The art of war chapter 8 : Variation in Tactics , in English and Chinese with PinYin:
Author Sun Tzu.
VIII. Variation in Tactics
Sūn zǐ yuē: Fán yòng bīng zhī fǎ, jiāng shòu mìng yú jūn, hé jūn jù hé.
Sun Tzu said： In war， the general receives his commands from the sovereign， collects his army and concentrates his forces
Fàn dì wú shě, qú de hé jiāo, jué dì wú liú, wéi de zé móu, sǐ dì zé zhàn,
When in difficult country， do not encamp. In country where high roads intersect， join hands with your allies. Do not linger in dangerously isolated positions. In hemmed-in situations， you must resort to stratagem. In desperate position， you must fight.
Tú yǒu suǒ bùyóu, jūn yǒu suǒ bù jī, chéng yǒu suǒ bù gōng, dì yǒu suǒ bù zhēng, jūn mìng yǒu suǒ bù shòu. Gù jiāng tōng yú jiǔ biàn zhī lì zhě, zhī yòng bīng yǐ;
There are roads which must not be followed， armies which must be not attacked， towns which must be besieged， positions which must not be contested， commands of the sovereign which must not be obeyed.
The general who thoroughly understands the advantages that accompany variation of tactics knows how to handle his troops.
Jiāng bù tōng jiǔ biàn zhī lì, suī zhī dìxíng, bù néng dé de zhī lì yǐ; zhì bīng bù zhī jiǔ biàn zhī shù, suī zhī wǔ lì, bù néng dé rén zhī yòng yǐ.
The general who does not understand these， may be well acquainted with the configuration of the country， yet he will not be able to turn his knowledge to practical account.
So， the student of war who is unversed in the art of war of varying his plans， even though he be acquainted with the Five Advantages， will fail to make the best use of his men.
Shì gù zhì zhě zhī lǜ, bì zá yú lì hài, zá yú lì ér wù kě xìn yě, zá yú hài ér huàn kě jiě yě.
Hence in the wise leader’s plans， considerations of advantage and of disadvantage will be blended together.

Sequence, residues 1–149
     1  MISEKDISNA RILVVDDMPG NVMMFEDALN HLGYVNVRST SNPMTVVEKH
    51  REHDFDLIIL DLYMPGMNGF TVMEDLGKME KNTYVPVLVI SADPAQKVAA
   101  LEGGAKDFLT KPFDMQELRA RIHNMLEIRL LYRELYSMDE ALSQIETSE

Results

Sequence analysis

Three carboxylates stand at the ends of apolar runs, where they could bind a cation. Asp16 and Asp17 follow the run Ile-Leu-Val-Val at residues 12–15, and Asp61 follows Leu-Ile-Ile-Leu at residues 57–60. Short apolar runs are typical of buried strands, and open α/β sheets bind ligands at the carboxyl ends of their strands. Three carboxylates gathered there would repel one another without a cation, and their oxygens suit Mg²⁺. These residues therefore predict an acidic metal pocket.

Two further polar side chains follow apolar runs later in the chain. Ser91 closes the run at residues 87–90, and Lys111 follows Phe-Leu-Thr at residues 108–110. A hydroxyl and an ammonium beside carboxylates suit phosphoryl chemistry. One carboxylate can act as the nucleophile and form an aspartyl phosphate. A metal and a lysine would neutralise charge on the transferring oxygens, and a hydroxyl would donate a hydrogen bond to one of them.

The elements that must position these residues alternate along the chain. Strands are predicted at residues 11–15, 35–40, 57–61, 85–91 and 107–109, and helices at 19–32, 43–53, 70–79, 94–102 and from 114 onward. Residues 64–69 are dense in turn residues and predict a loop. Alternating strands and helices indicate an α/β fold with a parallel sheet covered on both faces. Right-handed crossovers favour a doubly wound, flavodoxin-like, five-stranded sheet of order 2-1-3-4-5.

If our expectation of advantage be tempered in this way， we may succeed in accomplishing the essential part of our schemes.
If， on the other hand， in the midst of difficulties we are always ready to seize an advantage， we may extricate ourselves from misfortune.
Shì gù qū zhū hóu zhě yǐ hài, yì zhū hóu zhě yǐ yè, qū zhū hóu zhě yǐ lì.
Reduce the hostile chiefs by inflicting damage on them； and make trouble for them， and keep them constantly engaged； hold out specious allurements， and make them rush to any given point.
Gù yòng bīng zhī fǎ, wú shì qí bù lái, shì wú yǒu yǐ dài zhī; wú shì qí bù gōng, shì wú yǒu suǒ bù kě gōng yě.
The art of war teaches us to rely not on the likelihood of the enemy’s not coming， but on our own readiness to receive him； not on the chance of his not attacking， but rather on the fact that we have made our position unassailable.
Gù jiāng yǒu wǔ wēi, bì sǐ kě shā, bì shēng kě lǔ, fèn sù kě wǔ, lián jié kě rǔ, ài mín kě fán.
There are five dangerous faults which may affect a general： （1） Recklessness， which leads to destruction； （2） cowardice， which leads to capture； （3） a hasty temper， which can be provoked by insults； （4） a delicacy of honor which is sensitive to shame； （5） over-solicitude for his men， which exposes him to worry and trouble.
Fán cǐ wǔ zhě, jiāng zhī guò yě, yòng bīng zhī zāi yě. Fù jūn shā jiāng, bì yǐ wǔ wēi, bù kě bù chá yě.
These are the five besetting sins of a general， ruinous to the conduct of war.
When an army is overthrown and its leader slain， the cause will surely be found among these five dangerous faults. Let them be a subject of meditation.